We have described a mode expansion method to rigorously calculate the diffraction by a perfectly conducting layer with finite thickness, that contains rectangular pits and/or holes. The electromagnetic field above and below the conducting layer is written as an integral over plane waves. These plane waves can be S- or P-polarized and they can be propagating or evanescent. The field inside the pits and holes is expanded into waveguide modes, that can have TE or TM polarization and can also be propagating or evanescent. A system of equations is derived by matching the tangential field components at the interfaces. As unknowns, this system only contains the expansion coefficients of the waveguide modes and is therefore very small. For each pit or hole with a size that is of the order of the wavelength of the incident light, about 400 waveguide modes are sufficient for an accuracy in the energy of less than one percent. Once the system of equations of a particular diffraction geometry is composed, important parameters such as the thickness of the conducting layer and the index of refraction inside the pit or hole can be varied with negligible computational effort.

We have shown results on extraordinary transmission through single as well as multiple holes. For a single hole, with transverse sizes such that the lowest order waveguide mode is just above cut-off, a strong modulation of the transmitted energy as a function of layer thickness was obtained. This is due to the interference of this lowest order mode with its own reflection (the Fabry-Perot effect). For two or three holes, a strong modulation in the transmitted energy was found as a function of the distance between neighbouring holes, but only for one polarization of the incident field. Since we normalize the transmitted energy by the energy transmitted by a single, identical hole, the displayed increase and decrease is only due to the presence of the second (and third) hole. The fact that this modulation is hardly present when the incident field is polarized in the perpendicular direction clearly points to a plasmon mechanism. Actually, the term coupled electromagnetic surface wave would be more appropriate, as the boundedness of this kind of wave depends on the conductivity of the metal.

Except for absorption, all relevant physics is present in the model. This means that, apart from the microwave and terahertz frequency regimes, the results found can also be of use in the optical domain, as long as the penetration depth inside the metal is not too large as compared to the thickness of the metal layer and the distances between the holes or pits.

A. The waveguide modes

We here give a complete listing of the waveguide modes. The rotated transverse components of the modes are split into a transverse part and a part that depends on z:

[eαxyzhαxyz]=υᾱxy[ηα(z)ζα(z)].
(28)

With:

Γα=γx2+γy2,
(29)

and

Λα={2(LxpLyp)12,2(LxpLyp)12,ifmx0andmy0,ifmx=0ormy=0,
(30)

we first define the following auxiliary functions:

υᾱx̄pȳp={ΛαΓαx̄pȳp[γycos(γyx̄p)sin(γyȳp)γxsin(γxx̄p)cos(γyȳp)],α2=TE,ΛαΓα(x̄p,ȳp)[γxcos(γxx̄ p)sin(γyȳ p)γysin(γxx̄ p)cos(γyȳ p)],α2=TM,
(31)
ϑᾱx̄ pȳp={iΛαΓαx̄pȳpcos(γxx̄p)cos(γyȳp),α2=TE,iΛαΓαx̄pȳpsin(γxx̄p)sin(γpȳp),α2=TM,
(32)

where we have introduced local coordinates for every pit or hole: px - x0p , ȳp = y - y0p. Furthermore, the function ∏( p ,ȳ p ) is a rectangle function that indicates that the mode functions are identical to zero outside the cross-sectional area of the p-th hole:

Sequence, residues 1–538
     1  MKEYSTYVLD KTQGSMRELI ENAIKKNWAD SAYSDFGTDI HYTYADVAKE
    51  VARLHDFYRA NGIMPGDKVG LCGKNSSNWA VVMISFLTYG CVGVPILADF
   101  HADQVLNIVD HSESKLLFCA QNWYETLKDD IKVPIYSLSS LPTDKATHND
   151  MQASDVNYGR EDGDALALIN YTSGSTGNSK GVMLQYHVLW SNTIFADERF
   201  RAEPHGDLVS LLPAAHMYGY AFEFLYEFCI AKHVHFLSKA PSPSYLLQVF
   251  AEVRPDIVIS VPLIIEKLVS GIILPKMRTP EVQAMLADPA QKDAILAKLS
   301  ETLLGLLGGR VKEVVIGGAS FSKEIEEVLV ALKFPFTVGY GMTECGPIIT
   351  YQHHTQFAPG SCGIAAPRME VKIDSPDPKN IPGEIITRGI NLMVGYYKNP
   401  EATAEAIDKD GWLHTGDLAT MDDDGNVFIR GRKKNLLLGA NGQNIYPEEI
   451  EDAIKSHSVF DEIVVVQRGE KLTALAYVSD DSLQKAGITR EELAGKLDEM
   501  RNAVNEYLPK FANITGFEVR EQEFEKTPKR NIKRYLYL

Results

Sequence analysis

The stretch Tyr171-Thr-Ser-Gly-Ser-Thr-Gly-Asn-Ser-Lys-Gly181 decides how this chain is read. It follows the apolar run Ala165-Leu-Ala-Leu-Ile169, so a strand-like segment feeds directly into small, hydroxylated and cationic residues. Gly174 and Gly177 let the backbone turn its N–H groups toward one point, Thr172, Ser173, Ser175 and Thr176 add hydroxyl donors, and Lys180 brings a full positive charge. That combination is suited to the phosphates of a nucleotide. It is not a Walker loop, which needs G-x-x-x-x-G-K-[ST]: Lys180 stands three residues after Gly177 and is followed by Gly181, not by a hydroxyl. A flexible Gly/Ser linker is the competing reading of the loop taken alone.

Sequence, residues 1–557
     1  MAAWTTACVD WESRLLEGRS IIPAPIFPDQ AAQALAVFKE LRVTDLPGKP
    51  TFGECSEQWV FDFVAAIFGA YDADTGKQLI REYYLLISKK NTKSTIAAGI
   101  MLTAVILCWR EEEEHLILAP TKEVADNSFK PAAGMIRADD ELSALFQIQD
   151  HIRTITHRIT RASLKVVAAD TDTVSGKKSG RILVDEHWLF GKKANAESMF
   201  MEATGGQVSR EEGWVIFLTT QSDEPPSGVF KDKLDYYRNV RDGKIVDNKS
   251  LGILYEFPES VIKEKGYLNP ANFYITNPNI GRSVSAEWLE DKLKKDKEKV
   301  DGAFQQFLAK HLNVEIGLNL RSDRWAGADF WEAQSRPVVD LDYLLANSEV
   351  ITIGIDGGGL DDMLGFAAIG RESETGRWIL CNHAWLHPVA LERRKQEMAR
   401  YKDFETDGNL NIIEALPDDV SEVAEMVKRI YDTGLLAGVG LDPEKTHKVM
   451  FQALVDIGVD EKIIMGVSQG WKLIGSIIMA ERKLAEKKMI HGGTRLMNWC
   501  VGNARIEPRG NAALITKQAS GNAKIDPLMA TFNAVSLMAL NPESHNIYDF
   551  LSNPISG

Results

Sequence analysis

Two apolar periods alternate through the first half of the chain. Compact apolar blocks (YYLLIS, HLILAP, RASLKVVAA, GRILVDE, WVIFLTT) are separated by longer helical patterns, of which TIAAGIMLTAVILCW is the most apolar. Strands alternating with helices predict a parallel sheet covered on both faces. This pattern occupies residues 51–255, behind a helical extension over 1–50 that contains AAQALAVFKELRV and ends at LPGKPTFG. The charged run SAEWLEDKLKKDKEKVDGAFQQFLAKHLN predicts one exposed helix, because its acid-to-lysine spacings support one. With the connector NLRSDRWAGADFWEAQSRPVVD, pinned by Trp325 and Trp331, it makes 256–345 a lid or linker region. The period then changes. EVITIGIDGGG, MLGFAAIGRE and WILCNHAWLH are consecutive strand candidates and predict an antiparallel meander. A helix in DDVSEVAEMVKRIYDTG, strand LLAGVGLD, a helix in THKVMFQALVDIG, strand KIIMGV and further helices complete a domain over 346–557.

[H(x̄p)H(x̄pLxp)][H(ȳp)H(ȳpLyp)],
(33)

where H(x) is the Heaviside step function. By using (31) it is easy to see that two different modes are orthogonal in the sense:

υᾱυᾱΩp∫∫Ωp[υᾱ,x(x,y)υᾱ,xxy*+υᾱ,y(x,y)υᾱy(x,y)*]dxdy=0,ᾱᾱ.
(34)

Hence, {ν α¯ } is an orthonormal system with respect to the scalar product (34).

The following auxiliary functions are needed for the z-dependent parts η α and ζα in Eq. (5):

fα(z)={exp[z(zz1p)],exp[z(zz2p)],ikpγz1cos(γzz),isin(γzz),γzkpε,α4=,γzkpε,α4=+,γzkp<ε,α4=,γzkp<ε,α4=+,
(35)
gα(z)={exp[z(zz1p)],exp[z(zz2p)],kpγz1sin(γzz),cos(γzz),γzkpε,α4=,γzkpε,αa=+,γzkp<ε,α4=,γzkp<ε,α4=+,
(36)

The constants z1p and z2p are the z-coordinates of the upper and lower end of the pit or hole, respectively. Hence, for holes we have z1p = D/2 and z2p = -D/2, for pits we either have z1p = D/2 and zp 2 = D/2 - dp or we have zp 1 = -D/2 + dp and zp2 = -D/2. We have introduced the constant factors like exp(iγz z1p) to make sure that, for imaginairy γz , the moduli of the exponents are always equal to or smaller than unity. In Eq. (35) and (36) we use the sine and cosine functions instead of the exponential function if the propagation constant γz is very small as compared to kp , with smallness parameter ϵ [26

26. Although the ± for α4 now does not have anything to do with the propagation direction, for consistency, we stick to this notation.

]. If we would not do this, for γz = 0 for some mode, we would miss the mode function that is linear in z and our set of modes would not be complete [27

27. The reader might wonder why we do not use the sine and cosine form always instead of using the exponential form only for |γz /kp | < ϵ. However, for large and purely imaginary γz , the functions cos(γzz) and sin(γzz) increase exponentially with |z|, which is not very convenient for numerical implementation.

]. In our implementation, we take ϵ = 10-5. For the z-dependent parts we now have:

ηα(z)={ωμ0gα(z),γzμ0εpε0fα(z),α2=TE,α2=TM,
(37)
ζα(z)={γzfα(z),kpgα(z),α2=TE,α2=TM.
(38)